2010 Mercedes-Benz GLK350
2010 Mercedes-Benz GLK350. Click image to enlarge

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First Drive: 2010 Mercedes-Benz GLK-Class

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2010 Mercedes-Benz GLK-Class

Surrey, British Columbia – The new GLK 350 is Mercedes’ first foray into the compact sport-utility market. Positioned and priced in the premium segment, the GLK offers substantial utility with a strong emphasis on sportiness. In fact, the GLK breaks new ground in its class with its street-smart cruiser styling lines, sports-car acceleration numbers and agile paved-road manners combined with surprisingly good off-road capability: the GLK will happily trudge through a field of mud up to its shapely door sills.

If you compare the GLK with a like-priced popular competitor, the Acura RDX, its external dimensions are similar, except for two measurements. The GLK has a significantly longer wheelbase and more ground clearance. The extra-long wheelbase makes possible excellent highway ride characteristics and the added under-carriage clearance comes in handy if you wander off the paved trail.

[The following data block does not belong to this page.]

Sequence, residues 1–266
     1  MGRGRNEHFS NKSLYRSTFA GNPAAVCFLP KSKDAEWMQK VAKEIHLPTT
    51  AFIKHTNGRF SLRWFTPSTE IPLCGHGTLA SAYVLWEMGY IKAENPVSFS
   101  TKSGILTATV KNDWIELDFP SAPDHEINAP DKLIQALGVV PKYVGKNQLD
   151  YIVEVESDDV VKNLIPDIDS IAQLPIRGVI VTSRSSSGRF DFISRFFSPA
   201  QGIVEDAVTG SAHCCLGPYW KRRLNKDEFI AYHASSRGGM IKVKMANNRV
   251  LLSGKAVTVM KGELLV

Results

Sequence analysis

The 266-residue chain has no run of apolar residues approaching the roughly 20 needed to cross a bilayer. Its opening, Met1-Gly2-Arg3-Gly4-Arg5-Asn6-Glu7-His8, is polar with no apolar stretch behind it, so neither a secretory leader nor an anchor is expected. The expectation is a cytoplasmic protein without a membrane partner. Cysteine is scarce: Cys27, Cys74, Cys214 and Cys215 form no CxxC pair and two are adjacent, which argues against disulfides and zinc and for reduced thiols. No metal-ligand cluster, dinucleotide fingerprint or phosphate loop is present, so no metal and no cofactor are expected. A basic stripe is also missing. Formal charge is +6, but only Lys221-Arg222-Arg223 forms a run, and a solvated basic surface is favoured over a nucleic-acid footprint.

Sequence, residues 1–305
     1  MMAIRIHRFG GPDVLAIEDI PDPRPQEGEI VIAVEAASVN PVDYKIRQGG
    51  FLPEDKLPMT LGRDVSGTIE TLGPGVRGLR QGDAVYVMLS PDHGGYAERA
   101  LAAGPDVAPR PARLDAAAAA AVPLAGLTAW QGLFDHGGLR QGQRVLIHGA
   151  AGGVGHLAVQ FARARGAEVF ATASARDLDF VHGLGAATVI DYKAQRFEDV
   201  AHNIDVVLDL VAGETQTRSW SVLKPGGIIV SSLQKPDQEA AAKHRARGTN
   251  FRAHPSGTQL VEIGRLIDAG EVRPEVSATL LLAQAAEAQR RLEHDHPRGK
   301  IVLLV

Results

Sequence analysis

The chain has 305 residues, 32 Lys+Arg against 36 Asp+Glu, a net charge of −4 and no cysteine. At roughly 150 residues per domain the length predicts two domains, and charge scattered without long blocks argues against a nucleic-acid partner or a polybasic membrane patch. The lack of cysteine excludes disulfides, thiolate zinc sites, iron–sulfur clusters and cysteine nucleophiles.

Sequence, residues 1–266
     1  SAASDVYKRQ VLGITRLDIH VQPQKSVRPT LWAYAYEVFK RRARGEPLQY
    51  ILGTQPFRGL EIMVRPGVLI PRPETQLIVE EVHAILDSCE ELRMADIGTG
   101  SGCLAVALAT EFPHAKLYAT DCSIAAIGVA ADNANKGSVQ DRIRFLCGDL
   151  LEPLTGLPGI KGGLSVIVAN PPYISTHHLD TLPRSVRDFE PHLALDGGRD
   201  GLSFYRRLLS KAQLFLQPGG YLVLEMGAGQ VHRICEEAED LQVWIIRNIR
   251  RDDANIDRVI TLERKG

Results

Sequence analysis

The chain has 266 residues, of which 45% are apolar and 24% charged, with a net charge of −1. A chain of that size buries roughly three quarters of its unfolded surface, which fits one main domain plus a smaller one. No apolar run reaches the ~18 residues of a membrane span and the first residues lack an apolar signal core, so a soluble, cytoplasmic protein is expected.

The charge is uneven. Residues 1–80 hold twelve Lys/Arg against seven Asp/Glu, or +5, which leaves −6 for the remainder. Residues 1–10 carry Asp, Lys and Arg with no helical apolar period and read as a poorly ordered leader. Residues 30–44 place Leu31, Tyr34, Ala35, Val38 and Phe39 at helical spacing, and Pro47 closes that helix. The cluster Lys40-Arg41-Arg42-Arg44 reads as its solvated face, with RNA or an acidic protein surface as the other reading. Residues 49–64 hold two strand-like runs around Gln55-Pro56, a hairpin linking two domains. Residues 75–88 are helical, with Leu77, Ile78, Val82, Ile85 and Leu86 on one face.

2010 Mercedes-Benz GLK350
2010 Mercedes-Benz GLK350. Click image to enlarge

Under the hood, the GLK has a 3.5-litre V6 engine that out-muscles the four-cylinder turbo in the RDX – it can propel the GLK to 100 km/hour in less than seven seconds. The GLK’s Energuide fuel consumption figures are 13.3/9.6 L/100 km (city/highway), not much more than the RDX’s 12.5/9.3 L/100 km (city/highway). The GLK’s longitudinally positioned engine, transmission and transfer case also offer advantages over a transversely positioned drive unit.

Mercedes’ fourth-generation 4Matic all-wheel-drive system normally apportions 45 per cent of the drive to the front wheels and 55 per cent to the rear. A number of overlapping electronic systems take care of stability and traction and a newly developed multi-disc clutch in the centre differential takes care of torque distribution between the front and rear axle. The GLK’s maximum tow rating is 1,588 kilograms (3500 lbs).

The Agility Control suspension in the GLK offers what’s called “amplitude-dependent damping.” During normal driving the system responds softly, but during more spirited driving the dampers adjust to a harder setting for optimum handling stability.

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